Generally, unauthenticated pages do not contain PHI. However, a covered entity must have a BAA with a tracking technology vendor if it is conducting tracking on an unauthenticated page that contains PHI. Examples include:
- The login page of the registration page to a patient portal because the user is providing credentials.
- Unauthenticated pages that provide general information about specific symptoms or conditions (e.g., pregnancy or miscarriage), or allow a user to schedule an appointment because when combined with the user’s email address or IP, it becomes PHI.
- A covered entity must have a BAA with tracking technology vendors for tracking of PHI within a mobile app.
Under the guidance, the following constates PHI:
- Information input by the user (including credentials)
- App user’s device
- Network location
- Device ID
- Advertising ID
The covered entity must have a BAA with a tracking technology vendor if the vendor is collecting any of the foregoing information. The guidance makes clear that the HIPAA rules do not apply to the information that a user voluntarily enters into an app maintained by an entity that is not regulated by HIPAA.
- The BAA must comply with the HIPAA Rules
The guidance provides additional direction surrounding the sharing of PHI with technology-tracking vendors:
- A BAA is necessary even if the website or mobile app has terms or a policy that discloses that tracking technologies are being used and that information is being shared with a third-party vendor.
- A vendor’s de-identification of the data before it saves it does not obviate the need for the covered entity to enter a BAA with the vendor.
- If the vendor is not a BAA (and no other applicable Privacy Rule permission exists), the covered entity must obtain HIPAA-compliant authorizations before sharing PHI with a tracking technology vendor. A website banner requesting consent to use tracking technologies is not HIPAA compliant.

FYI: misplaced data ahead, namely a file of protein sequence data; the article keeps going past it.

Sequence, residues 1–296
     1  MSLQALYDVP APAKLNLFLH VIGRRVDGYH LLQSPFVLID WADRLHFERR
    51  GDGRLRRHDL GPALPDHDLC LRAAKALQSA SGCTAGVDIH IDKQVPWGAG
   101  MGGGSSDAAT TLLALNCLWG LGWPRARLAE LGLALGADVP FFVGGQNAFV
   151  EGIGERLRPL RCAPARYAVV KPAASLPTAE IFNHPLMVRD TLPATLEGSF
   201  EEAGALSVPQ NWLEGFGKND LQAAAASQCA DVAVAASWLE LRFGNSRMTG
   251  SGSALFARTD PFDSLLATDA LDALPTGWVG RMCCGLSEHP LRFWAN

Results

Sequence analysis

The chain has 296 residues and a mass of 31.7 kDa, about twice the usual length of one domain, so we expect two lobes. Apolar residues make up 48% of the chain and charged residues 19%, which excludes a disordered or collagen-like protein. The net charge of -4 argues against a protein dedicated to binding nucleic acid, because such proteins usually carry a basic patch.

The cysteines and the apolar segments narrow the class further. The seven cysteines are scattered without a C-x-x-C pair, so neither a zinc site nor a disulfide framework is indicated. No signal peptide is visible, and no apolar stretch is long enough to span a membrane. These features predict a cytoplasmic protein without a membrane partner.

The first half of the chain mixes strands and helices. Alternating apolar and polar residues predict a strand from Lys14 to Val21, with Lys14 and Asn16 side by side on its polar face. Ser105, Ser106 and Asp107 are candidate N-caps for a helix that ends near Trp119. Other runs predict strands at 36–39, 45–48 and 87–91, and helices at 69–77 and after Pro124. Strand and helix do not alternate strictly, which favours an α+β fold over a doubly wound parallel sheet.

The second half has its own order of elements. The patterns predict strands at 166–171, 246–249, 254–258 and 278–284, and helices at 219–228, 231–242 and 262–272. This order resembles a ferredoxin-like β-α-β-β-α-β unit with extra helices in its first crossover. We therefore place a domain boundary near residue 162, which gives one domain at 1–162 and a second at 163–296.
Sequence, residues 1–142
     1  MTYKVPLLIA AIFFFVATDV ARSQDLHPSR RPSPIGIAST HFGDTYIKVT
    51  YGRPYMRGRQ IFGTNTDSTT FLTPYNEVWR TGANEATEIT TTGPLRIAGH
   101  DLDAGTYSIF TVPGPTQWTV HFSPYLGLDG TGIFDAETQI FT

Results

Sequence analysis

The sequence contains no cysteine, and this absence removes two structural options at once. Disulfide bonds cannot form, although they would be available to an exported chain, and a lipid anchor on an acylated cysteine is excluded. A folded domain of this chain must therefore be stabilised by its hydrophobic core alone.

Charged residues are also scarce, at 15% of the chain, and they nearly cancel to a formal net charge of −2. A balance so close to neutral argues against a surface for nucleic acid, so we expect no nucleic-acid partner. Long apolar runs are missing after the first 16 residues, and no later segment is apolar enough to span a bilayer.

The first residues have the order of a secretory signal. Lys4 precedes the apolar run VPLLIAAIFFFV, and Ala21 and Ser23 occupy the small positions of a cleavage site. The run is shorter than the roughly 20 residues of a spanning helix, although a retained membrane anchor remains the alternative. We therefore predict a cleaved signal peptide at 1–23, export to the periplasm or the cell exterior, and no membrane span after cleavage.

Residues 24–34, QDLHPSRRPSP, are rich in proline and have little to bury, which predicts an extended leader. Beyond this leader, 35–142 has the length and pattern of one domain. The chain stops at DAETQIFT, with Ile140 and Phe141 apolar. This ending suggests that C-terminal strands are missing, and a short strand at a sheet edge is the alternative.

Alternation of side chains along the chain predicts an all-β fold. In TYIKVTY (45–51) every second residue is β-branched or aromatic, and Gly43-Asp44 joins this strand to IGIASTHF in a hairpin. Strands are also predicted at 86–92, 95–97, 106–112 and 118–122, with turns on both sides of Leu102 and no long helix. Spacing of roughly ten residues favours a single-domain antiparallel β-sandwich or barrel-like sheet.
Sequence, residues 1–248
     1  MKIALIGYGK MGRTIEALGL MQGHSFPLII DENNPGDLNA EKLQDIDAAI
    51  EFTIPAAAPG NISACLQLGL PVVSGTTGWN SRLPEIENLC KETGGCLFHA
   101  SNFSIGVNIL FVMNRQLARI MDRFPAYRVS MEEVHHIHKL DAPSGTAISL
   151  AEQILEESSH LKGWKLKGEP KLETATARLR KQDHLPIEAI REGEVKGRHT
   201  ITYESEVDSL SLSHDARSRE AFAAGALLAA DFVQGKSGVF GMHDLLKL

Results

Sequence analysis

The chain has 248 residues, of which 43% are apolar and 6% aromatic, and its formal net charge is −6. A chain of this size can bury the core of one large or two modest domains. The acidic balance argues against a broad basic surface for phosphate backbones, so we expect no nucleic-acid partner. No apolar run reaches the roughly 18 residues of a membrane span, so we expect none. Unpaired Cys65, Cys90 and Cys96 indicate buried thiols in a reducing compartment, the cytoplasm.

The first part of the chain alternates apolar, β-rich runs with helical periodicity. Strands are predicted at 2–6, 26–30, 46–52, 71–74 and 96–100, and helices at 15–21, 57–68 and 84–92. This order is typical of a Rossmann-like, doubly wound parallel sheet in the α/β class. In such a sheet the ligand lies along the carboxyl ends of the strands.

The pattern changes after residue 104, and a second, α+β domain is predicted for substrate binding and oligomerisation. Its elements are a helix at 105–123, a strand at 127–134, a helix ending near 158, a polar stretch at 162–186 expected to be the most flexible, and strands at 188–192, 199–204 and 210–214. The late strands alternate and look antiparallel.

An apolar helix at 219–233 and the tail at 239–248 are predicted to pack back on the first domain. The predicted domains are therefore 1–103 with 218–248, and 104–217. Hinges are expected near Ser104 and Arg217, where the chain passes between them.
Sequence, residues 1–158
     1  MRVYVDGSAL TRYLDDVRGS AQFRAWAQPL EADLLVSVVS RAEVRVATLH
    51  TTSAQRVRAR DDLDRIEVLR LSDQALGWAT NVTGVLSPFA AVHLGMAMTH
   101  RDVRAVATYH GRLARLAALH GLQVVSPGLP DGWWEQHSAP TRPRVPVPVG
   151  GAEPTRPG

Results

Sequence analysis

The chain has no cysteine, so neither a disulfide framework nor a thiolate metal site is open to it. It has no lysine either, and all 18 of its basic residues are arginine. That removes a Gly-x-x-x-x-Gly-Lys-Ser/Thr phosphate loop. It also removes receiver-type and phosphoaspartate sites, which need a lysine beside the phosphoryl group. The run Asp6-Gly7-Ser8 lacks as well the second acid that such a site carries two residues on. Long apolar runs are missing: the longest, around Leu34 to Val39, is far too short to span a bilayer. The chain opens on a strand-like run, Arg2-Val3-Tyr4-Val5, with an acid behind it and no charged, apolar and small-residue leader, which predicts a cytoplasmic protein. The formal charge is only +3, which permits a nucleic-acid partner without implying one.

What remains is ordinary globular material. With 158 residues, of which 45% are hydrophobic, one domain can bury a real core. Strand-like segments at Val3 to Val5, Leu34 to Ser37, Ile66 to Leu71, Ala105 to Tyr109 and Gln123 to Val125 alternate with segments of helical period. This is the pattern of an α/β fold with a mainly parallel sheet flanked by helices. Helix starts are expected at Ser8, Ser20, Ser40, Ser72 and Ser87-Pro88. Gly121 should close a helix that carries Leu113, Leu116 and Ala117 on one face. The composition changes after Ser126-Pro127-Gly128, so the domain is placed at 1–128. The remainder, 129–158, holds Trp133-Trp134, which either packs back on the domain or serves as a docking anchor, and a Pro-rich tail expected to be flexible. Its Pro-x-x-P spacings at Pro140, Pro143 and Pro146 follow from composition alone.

- Ensure that the vendor meets the definition of a “Business Associate.” Entering a BAA with an entity that does not meet the definition of “Business Associate” is not valid under HIPAA rules.
- The covered entity must include the use of tracking technologies in its risk analysis and risk management process.
- The OCR considers an impermissible disclosure of PHI to a technology tracking vendor “that compromises the security or privacy of PHI” as an incident that requires breach notification.
- It is unclear whether the OCR’s position that an IP address alone is IHII (and in turn PHI when collected on the covered entity’s website or mobile app) is consistent with the statutory definitions. Nonetheless, covered entities should comply with the guidance until the OCR, congress, or a court provides further guidance.
- Covered entities should immediately analyze the extent of the use of tracking technologies on their websites and mobile apps.
- The guidance likely is not retroactive. However, covered entities employing tracking technology should immediately enter the appropriate BAAs with their vendors.
- Covered entities should analyze whether the continued use of tracking technologies is worth the risk of a potential HIPAA violation.
- Covered entities who continue to use tracking technologies should incorporate the use into their HIPAA risk analysis and risk management procedures.
Clark Hill’s attorneys can help you determine what HIPAA obligations (if any) are triggered by an entity’s use of tracking technology, and what the entity needs to do to comply with those obligations.
The views and opinions expressed in the article represent the view of the authors and not necessarily the official view of Clark Hill PLC. Nothing in this article constitutes professional legal advice nor is it intended to be a substitute for professional legal advice.